trolls: View: The real opponents to beat in sports

In 1986, it was Chetan Sharma. In 2022, it is Arshdeep Singh. In 38 years, things haven’t changed as far as bigotry and jingoism go. If anything, things have become more pronounced and direct with the social media revolution amplifying easy hate.

In the Chetan Sharma case, Javed Miandad’s last-ball six at Sharjah had left a deep scar not just on India, but also on the man’s mind. When Sharma went to the airport to check in a few days after the Sharjah match, he was asked to step aside for profiling in his own country and forced to pay for extra luggage. It was the price he was made to pay for letting India down. These things stick.

Arshdeep’s case is vile. After dropping Asif Ali’s catch off a Ravi Bishnoi delivery in the India-Pakistan Asia Cup match last Sunday, he was called a ‘Khalistani’ and a traitor and heaped relentless abuse on social media. This was triggered by his Wikipedia entry being vandalised, and for some 15 minutes, it carried the noxious and false ‘information’ that he was named in a ‘Khalistani squad for the 2018 Under-19 Cricket World Cup.

In between Chetan Sharma and Arshdeep, there are many more instances of hate, bigotry and poor sportsmanship in the cricketing space. When Virat Kohli got out for 1 in the 2015 World Cup semifinal against Australia, Anushka Sharma was the target of repulsive trolls. When Arjun Tendulkar was first picked to play for Mumbai, he was viciously trolled for being a ‘Tendulkar’. No one really cared if he was deserving or not. The fact that he was Sachin’s son automatically made him a target. Young Arjun was left scarred in the process. More recently, Mohammed Shami was in the line of fire when trolls called him all sorts of names, and questioned his allegiance to the country after he conceded 43 runs in his 3.5 overs in the T20 World Cup match against Pakistan in Dubai last year.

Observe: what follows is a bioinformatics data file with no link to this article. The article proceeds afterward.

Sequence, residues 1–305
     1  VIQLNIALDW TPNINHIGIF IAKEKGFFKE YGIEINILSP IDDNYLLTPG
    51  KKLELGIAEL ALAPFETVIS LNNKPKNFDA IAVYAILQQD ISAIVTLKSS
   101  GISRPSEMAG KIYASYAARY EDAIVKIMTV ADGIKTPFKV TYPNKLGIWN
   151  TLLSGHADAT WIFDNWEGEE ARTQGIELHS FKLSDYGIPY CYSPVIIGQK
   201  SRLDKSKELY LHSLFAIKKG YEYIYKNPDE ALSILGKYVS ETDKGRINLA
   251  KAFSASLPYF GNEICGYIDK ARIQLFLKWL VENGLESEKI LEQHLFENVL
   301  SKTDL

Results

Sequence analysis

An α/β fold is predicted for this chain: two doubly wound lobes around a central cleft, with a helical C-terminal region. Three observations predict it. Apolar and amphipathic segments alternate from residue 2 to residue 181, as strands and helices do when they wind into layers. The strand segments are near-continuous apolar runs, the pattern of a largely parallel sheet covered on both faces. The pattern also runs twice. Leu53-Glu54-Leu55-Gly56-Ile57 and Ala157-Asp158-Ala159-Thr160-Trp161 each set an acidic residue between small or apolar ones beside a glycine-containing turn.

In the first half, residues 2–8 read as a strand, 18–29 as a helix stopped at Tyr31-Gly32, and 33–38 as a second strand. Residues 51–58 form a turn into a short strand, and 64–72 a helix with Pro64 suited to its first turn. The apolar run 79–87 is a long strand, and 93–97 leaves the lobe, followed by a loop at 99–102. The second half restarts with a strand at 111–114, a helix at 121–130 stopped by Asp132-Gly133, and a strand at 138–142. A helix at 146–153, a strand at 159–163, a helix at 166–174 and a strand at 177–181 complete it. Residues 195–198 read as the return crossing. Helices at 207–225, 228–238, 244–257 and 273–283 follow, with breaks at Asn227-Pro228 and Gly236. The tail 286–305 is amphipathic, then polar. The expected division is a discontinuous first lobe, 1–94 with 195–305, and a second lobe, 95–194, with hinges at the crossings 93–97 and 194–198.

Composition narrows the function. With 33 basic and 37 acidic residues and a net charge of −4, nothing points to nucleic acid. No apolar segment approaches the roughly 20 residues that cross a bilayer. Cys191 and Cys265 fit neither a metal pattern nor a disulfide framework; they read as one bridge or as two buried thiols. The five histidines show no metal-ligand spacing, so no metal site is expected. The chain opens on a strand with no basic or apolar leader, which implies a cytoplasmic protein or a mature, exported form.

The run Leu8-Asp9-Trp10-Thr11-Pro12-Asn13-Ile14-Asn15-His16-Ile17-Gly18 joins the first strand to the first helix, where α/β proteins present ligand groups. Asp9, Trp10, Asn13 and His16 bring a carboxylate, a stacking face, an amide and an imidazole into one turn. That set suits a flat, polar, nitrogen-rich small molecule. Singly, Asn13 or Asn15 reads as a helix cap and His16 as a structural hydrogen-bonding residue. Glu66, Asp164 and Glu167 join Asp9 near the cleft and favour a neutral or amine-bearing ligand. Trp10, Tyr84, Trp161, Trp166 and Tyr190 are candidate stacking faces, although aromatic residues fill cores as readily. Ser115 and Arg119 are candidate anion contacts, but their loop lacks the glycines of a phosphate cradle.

What these faceless abusers end up doing is batter a player’s belief in his own talents for a long time, if not forever. A youngster like Arshdeep will probably end up hating the media and, in time, turn cynical. For the troll army, like termites they will just move on to their next target. While social media is a necessity in today’s digital age, it is also necessary to ensure that things don’t get ugly and out of control as often as they have.

At a time when talk about mental health in sports is finally being taken seriously, with the likes of Virat Kohli opening up on mental health challenges, it is key that the Arshdeep issue isn’t forgotten. It is time to pause and think of what he must have gone through after India lost the close match to Pakistan last Sunday. While it’s easy to say Arshdeep will learn and become stronger, there is no good reason why this should be taken for granted.

This is where one comes back to the trolls. If Chetan Sharma has been unable to forget what happened to him 36 years ago, it’s tough to expect Arshdeep Singh to do so soon after he was falsely vilified, and when social media nasties will remind him time and again of what happened.

In the past, it was impossible for fans to ‘reach out’ to players. Physical proximity was hard to establish and that’s what helped to control the narrative. With social media, trolls can instantly start a media trial and label someone guilty and heap abuse that can destroy one’s reputation and career. It is a peculiar kind of empowerment whereby they can directly communicate with a player and vent their frustrations and anxieties without having to budge an inch from their sofas.

Unless this ‘necessary evil’ is controlled, it has the ability to damage people and leave deep scars. Effectively, it only harms Team India. Yesterday it was Chetan Sharma, Virat Kohli, Mohammed Shami. Today it’s Arshdeep Singh. Who will the trolls attempt to search and destroy tomorrow?